In the history of the Hindu Saviour Krishna, we are told that ‘as soon as Nared, who, having heard of his fame, had examined the stars, he declared him to be from God; that is, the Son of God. The Roman Calcidius speaks of it a wonderful star, presaging the descent of a God amongst men.’ (See Maurice’s Indian Skeptics Refuted, p. 62.) Quite suggestive of the star ‘apprising the wise men’ of Christ’s descent from above. And a star is said to have foretokened the birth of the Roman Julius Caesar. The Chinese God Yu was not only heralded by a star, but conceived and brought to mortal birth by a star.
In Numbers xxiv. 17, it is declared ‘There shall come a star out of Jacob,’ etc. This is a text often quoted by Christian writers as having a prophetic reference to the Christian Messiah. But the same text declares further, ‘It shall destroy the children of Seth,’ a prediction which no rational interpretation can make apply to Jesus Christ. And then we find this star of Jacob or Judah (the same) represented on astronomical maps as a prominent star in the constellation Virgo (the Virgin), fancifully termed by the Hebrew Ephraim.
It was known in the Syrian, Arabian and Persian Systems of astronomy as Messaeil (suggestive of Messiah), and was considered the ruling genius of the constellation.
The ‘star of Jacob,’ then, was simply a figure borrowed from the ancient pagan systems of astronomy, in which they fancifully represent a virgin rising with an infant Messiah (Messaeil) in her arms. Messaeil is, when analysed, Messaeh-el (Messiah-God), and is found in the constellation Virgo, which commences rising at midnight, on the 25th of December, with this ‘star in the east’ in her arms – the star which piloted ‘the wise men.’ The whole thing, then, is evidently an astronomical legend.
Albert the Great, in his ‘Book on the Universe,’ tells us, ‘The sign of the celestial virgin rises above the horizon, at the moment we find fixed for the birth of our Lord Jesus Christ.’ To which we will add the declaration of Sir William Drummond, who, in his ‘CEdipus Judaicus,’ p. 27, most significantly remarks, ‘The anointed of El, the male infant, who rises in the arms of Virgo, was called Jesus by the Hebrews, ... and was hailed as the anointed king or Messiah’ – still further proof of the astrological origin of the story.
Dr. Hales, in his ‘Chronology,’ calls Christ ‘the star of our salvation, the true Apollo, the sun of righteousness’ – all of which are astronomical terms.
And here we may recur to the fact that some of the early inhabitants of the earth regarded a star as a thing of life, because it appeared to move, and acted as though controlled by a living spirit. And this fetching idea we observe lurking amongst the borrowed orientalisms of the Jewish Old Testament. The representation of the morning stars joining in a chorus and singing together (see Job xxxviii. 9), is an instance of this kind of fetching conception.
And then we find a much stronger and more conclusive case in the New Testament, where Matthew represents a star as breaking loose from its orbit, and travelling some millions of miles, in order to stand over the young child Jesus, as he lay amongst the oxen and asses in a stable. (See Matt. ii. 7.) Wonderfully accommodating star indeed! How did its inhabitants feel while thus travelling with the velocity of lightning? This achievement would not only require life, but an active intelligence, on the part of the star, as it is represented as being an act of the planet itself.
‘All nations,’ says Mr. Higgins, ‘once believed that the planetary bodies or their inhabitants controlled the affairs of men, and even their births.’ Hence the cant phrases, ‘My stars,’ ‘He is ill-starred,’ etc., in use then, and still in use at the present day. The good or ill luck of a person was attributed to the good or evil stars which it was believed ruled at the hour of his birth.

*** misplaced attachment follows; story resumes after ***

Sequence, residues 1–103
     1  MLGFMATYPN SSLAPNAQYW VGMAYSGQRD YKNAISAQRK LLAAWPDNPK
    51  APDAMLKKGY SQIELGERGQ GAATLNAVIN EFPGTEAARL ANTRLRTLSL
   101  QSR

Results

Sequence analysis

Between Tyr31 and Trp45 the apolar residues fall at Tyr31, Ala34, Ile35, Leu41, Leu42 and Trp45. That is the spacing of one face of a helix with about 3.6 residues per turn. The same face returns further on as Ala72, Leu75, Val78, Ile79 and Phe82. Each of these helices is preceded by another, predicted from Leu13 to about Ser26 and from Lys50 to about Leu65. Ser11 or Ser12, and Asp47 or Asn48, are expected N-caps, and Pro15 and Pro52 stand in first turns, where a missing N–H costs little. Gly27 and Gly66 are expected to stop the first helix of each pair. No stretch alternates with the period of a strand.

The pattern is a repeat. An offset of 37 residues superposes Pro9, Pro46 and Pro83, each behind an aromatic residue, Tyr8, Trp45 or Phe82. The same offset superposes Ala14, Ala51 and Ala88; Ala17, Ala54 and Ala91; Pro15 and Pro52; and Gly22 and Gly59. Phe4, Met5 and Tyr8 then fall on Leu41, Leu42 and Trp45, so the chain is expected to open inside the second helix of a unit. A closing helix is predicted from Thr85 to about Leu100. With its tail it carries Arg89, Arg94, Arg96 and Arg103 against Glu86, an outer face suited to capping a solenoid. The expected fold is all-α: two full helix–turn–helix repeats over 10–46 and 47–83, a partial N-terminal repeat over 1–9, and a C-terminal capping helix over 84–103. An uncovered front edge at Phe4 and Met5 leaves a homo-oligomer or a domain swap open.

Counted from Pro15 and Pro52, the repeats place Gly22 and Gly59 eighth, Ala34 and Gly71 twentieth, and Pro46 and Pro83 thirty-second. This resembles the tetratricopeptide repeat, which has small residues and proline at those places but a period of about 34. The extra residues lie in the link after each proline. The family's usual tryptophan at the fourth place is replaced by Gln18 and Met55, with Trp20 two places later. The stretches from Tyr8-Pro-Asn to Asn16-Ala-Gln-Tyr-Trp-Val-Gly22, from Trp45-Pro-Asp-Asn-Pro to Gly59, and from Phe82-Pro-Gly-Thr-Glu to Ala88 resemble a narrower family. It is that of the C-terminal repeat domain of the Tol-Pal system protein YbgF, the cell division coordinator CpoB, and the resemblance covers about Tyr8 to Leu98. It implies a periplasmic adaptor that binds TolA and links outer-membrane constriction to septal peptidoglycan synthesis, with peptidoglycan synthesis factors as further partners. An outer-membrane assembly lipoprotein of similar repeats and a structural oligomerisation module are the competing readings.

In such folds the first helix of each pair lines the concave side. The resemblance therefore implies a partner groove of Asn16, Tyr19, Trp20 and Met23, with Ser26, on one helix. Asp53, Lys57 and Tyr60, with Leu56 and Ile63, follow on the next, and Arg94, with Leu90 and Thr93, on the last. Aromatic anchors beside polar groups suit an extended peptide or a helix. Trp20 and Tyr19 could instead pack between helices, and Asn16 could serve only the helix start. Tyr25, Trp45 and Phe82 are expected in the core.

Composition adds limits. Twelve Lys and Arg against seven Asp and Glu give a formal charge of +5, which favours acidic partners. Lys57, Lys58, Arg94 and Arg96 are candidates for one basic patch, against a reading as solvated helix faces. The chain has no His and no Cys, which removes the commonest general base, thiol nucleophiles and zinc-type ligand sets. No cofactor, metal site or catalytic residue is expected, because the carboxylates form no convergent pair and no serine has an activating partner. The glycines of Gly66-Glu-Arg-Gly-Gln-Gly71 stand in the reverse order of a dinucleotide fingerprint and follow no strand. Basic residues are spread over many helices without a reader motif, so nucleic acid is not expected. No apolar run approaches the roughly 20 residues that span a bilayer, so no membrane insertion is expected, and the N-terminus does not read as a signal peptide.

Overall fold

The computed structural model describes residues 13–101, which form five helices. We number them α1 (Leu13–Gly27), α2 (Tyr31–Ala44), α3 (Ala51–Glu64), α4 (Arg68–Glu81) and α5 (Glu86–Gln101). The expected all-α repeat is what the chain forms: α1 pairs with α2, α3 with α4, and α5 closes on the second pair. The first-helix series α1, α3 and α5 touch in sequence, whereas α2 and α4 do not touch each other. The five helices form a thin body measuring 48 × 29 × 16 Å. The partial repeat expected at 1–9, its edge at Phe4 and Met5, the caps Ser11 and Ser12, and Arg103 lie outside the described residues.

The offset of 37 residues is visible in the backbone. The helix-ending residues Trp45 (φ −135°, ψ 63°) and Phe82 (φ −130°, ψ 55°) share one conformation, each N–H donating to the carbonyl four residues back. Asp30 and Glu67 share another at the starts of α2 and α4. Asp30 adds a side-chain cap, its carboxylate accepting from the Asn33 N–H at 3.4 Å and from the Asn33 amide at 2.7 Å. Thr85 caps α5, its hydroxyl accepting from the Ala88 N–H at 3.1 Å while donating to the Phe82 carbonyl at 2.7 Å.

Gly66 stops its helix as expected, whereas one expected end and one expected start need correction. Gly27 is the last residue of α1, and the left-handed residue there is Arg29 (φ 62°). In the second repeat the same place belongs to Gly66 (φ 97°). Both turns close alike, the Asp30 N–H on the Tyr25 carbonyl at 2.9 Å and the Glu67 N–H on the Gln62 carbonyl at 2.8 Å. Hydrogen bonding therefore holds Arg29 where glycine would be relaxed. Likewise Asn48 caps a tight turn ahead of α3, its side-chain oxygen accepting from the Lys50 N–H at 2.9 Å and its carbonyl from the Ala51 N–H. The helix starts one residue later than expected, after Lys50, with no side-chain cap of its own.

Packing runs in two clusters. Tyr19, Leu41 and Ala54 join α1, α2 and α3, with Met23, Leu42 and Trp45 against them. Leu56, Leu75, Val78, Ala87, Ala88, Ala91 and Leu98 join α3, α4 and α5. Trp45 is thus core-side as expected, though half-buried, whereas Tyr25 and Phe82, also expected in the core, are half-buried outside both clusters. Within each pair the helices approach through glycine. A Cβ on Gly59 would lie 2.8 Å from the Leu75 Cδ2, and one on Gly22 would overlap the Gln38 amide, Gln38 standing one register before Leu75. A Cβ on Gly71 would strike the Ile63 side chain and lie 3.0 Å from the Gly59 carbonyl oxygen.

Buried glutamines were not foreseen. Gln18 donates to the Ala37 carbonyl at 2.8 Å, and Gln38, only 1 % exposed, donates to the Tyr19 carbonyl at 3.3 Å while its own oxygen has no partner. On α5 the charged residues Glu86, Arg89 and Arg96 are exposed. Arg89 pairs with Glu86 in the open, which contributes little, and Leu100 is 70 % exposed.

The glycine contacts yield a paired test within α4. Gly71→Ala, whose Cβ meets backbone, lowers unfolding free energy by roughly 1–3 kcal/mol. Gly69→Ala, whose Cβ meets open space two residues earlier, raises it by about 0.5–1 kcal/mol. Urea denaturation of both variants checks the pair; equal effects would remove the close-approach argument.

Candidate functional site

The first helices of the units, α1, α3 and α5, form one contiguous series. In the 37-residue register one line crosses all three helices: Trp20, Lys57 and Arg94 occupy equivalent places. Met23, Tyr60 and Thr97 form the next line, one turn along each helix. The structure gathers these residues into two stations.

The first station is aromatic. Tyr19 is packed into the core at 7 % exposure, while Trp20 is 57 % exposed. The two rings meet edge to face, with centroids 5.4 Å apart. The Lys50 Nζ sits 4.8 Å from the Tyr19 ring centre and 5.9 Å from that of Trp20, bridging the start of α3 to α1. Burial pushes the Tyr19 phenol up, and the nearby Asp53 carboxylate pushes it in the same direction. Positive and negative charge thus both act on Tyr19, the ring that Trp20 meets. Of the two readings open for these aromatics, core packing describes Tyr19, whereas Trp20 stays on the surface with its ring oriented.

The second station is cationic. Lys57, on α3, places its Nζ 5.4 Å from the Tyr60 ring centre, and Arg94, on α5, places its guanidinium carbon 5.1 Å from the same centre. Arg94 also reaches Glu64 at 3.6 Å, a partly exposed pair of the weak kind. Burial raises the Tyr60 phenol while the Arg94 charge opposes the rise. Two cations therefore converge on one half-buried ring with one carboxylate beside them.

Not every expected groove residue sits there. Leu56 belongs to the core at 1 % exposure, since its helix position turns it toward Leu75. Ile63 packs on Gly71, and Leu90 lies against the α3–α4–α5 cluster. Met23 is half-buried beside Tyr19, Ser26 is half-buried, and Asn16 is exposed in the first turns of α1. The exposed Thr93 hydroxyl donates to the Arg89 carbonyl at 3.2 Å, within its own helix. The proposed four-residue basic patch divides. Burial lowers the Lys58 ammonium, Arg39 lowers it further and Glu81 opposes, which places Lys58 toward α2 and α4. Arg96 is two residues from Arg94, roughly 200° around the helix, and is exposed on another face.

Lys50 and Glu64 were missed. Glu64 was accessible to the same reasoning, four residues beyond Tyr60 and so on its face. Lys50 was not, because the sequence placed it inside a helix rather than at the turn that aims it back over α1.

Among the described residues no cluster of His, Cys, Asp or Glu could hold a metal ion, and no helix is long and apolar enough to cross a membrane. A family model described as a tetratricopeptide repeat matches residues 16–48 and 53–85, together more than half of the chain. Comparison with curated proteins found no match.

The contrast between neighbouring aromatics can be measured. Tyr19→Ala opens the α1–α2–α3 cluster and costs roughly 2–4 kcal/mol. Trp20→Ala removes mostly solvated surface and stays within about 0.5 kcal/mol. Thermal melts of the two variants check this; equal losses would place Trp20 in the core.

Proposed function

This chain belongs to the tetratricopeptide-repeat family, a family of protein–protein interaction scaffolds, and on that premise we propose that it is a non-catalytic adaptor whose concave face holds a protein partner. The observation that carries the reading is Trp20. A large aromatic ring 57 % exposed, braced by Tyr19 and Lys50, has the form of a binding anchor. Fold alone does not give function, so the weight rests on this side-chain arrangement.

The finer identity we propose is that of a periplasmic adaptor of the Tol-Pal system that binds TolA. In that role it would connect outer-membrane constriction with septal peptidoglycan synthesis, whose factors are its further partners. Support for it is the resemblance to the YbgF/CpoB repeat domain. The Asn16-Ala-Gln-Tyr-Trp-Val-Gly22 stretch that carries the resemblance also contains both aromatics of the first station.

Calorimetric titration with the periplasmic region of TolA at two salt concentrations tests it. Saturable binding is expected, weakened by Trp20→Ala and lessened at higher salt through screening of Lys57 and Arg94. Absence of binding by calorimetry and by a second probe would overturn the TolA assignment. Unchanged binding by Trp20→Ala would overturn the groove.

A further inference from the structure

We find a counterpart to the story of Matthew’s travelling star in Virgil’s writings, who declares (60 BC) that a star guided Aeneas in a journey westward from Troy. In the days of Pliny (see his ‘Natural History,’ Book II.), the people of Rome fancied they saw a God in a star or comet in the form of a man. The Apocryphal book of Seth relates that a star descended from heaven and lighted on a mountain, in the midst of which a divine child was seen bearing a cross. Christ betrays the same ignorance of astronomy, when he speaks of ‘the stars falling from heaven to the earth.’ (See Matt. xxiv. 29.) For if there could be any falling in the case, the falling would be in the other direction and the earth would fall to the stars, as larger bodies always attract smaller ones.
As shown above, the stupendous orbs of night were represented by Jew, Pagan and Christian as breaking away from their orbits, and running hither and thither, like a fly on a ceiling, or a ball from a sky-rocket, being regarded as mere jack-a-lanterns, that could appear anywhere at any time creative fancy might dictate or require; while science teaches that the stars are stupendous orbs, some of them a thousand times larger than the planet on which we live, and that they could not depart one rod from their accustomed orbits without breaking up the whole planetary system, and destroying the universe.
And then observe the absurdity in Matthew’s story, which teaches that the wise men followed the star in the east, when they, coming from the east, were, as a matter of course, travelling westward, which would place the star to their backs. That must be a ‘sui generis’ pilot or guide which follows after, instead of going before. Omitting further citations from history, we will only observe further that the ancient Hindus, Egyptians, Chaldeans, Syrians, Mexicans, etc., took great account of stars, and employed them on all important occasions, especially on long journeys and at the births of Gods and great personages – a circumstance which aids in explaining the star chapter in the gospel history of Christ.